How To Calculate Overtime Pay (2024 Update)

In this article, we'll show you how to calculate overtime pay, which employees are entitled, and tips for saving thousands on overtime costs.
Time Tracking Fundamentals
Understanding Labor Laws
GPS Tracking
Tracking More Than Time
Time Tracking Benefits
Choosing A System
Implementing A System
Time Tracking Fundamentals
Understanding Labor Laws
GPS Tracking
Tracking More Than Time
Time Tracking Benefits
Choosing A System
Implementing A System

Accurate Time Tracking Is So Much Easier With Workyard

Few things can sink a project as fast as unchecked overtime. But before you can start managing your overtime, you need to know how to calculate it. This guide will help you understand the rules around overtime, how to calculate overtime pay and how to manage it more effectively so you save time and money.

Let’s start with defining what overtime pay actually is. 

What Is Overtime Pay?

Overtime pay is an employee entitlement that ensures those who work more than their standard work week hours are compensated at a higher rate of pay for the additional hours worked.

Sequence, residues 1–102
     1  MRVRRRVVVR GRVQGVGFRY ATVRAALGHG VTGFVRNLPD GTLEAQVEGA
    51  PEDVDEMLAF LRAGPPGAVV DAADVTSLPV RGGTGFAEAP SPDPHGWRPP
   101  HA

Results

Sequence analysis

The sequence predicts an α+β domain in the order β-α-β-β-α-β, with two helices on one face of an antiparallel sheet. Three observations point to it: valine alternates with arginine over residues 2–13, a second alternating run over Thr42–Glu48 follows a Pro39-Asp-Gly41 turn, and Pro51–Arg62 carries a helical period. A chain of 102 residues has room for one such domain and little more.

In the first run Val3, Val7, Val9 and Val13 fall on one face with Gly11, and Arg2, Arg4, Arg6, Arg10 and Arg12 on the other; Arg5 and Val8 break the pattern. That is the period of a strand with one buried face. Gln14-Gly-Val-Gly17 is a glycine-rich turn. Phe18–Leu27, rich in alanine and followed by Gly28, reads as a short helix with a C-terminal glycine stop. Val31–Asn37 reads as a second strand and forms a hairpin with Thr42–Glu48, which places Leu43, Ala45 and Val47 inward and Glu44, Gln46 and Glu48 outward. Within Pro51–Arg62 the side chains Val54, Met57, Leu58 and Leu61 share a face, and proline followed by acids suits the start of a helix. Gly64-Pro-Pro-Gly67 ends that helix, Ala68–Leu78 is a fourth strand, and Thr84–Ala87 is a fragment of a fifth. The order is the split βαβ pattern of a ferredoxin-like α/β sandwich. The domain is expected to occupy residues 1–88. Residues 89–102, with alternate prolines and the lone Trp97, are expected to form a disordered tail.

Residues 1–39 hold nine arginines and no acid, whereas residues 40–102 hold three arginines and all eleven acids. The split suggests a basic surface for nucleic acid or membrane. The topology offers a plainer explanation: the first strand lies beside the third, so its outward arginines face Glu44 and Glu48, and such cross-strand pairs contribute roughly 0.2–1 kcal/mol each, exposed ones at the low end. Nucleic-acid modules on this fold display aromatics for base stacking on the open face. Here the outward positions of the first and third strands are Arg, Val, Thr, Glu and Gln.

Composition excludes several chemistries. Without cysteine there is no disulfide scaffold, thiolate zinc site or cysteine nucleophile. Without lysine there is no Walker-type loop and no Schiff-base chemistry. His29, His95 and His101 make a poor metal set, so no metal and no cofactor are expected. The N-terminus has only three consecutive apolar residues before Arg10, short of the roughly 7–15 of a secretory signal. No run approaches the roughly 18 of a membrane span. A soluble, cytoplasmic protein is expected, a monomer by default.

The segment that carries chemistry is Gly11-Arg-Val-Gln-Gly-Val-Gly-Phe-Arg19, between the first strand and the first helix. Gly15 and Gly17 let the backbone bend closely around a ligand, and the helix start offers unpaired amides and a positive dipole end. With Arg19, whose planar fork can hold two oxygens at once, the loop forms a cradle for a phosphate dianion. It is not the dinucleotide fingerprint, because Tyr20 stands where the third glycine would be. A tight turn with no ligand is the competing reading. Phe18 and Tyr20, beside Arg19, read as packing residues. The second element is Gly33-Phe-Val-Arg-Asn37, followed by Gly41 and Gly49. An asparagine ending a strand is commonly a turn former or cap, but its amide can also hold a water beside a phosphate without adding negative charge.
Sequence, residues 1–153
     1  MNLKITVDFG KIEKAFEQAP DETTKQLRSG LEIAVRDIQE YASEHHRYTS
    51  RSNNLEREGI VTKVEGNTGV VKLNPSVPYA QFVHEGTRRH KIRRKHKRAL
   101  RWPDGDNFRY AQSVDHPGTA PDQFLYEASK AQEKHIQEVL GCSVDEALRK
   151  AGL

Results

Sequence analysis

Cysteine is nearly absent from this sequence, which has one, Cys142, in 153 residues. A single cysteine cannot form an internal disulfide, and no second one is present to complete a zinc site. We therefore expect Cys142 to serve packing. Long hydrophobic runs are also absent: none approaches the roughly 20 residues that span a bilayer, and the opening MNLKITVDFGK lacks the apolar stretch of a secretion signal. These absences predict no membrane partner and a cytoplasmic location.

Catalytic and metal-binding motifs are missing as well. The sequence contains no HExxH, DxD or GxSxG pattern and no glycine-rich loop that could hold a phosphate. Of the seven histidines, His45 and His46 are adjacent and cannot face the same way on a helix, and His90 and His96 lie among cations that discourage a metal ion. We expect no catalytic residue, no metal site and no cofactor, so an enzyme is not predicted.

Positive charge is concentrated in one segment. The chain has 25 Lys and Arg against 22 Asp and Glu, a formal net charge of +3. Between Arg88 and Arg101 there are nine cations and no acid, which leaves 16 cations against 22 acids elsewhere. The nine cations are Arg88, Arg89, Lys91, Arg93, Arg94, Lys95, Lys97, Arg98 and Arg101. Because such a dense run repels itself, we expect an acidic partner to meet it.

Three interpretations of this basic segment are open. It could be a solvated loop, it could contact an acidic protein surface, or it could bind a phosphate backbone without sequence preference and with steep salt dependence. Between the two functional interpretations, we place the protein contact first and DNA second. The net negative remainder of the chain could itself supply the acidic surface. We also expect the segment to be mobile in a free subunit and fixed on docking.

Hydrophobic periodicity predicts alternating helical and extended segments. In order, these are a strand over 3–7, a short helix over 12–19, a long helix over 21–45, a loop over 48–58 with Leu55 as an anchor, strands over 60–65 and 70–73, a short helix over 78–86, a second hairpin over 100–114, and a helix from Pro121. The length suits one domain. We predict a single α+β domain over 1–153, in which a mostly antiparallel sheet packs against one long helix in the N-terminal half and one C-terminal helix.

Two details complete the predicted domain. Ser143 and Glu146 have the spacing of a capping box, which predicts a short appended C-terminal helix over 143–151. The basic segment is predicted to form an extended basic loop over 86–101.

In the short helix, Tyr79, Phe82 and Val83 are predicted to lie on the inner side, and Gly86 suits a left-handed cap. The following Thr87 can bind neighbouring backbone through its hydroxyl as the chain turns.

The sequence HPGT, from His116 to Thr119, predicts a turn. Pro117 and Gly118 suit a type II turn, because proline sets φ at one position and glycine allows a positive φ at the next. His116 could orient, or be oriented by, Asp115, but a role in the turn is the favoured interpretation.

Note this is always measured based on a predefined work week schedule you have set for the employee regardless of your payroll frequency. For example, you may pay an employee bi-weekly, but for the purpose of calculating overtime, you are always performing the calculation based on a standard work week starting on a specific day.

Federal overtime laws require employers to pay non-exempt employees who work more than 40 hours in a week at least time and a half for the extra time they put in.

For example, if an employee makes $20 an hour, they would receive $30 for each hour of overtime they work.

Overtime laws were included in the Labor’s Fair Labor Standards Act (FLSA) in 1938 and have been part of federal labor laws since then. In addition, certain states also have their own overtime laws that complement the federal rule, more on this later.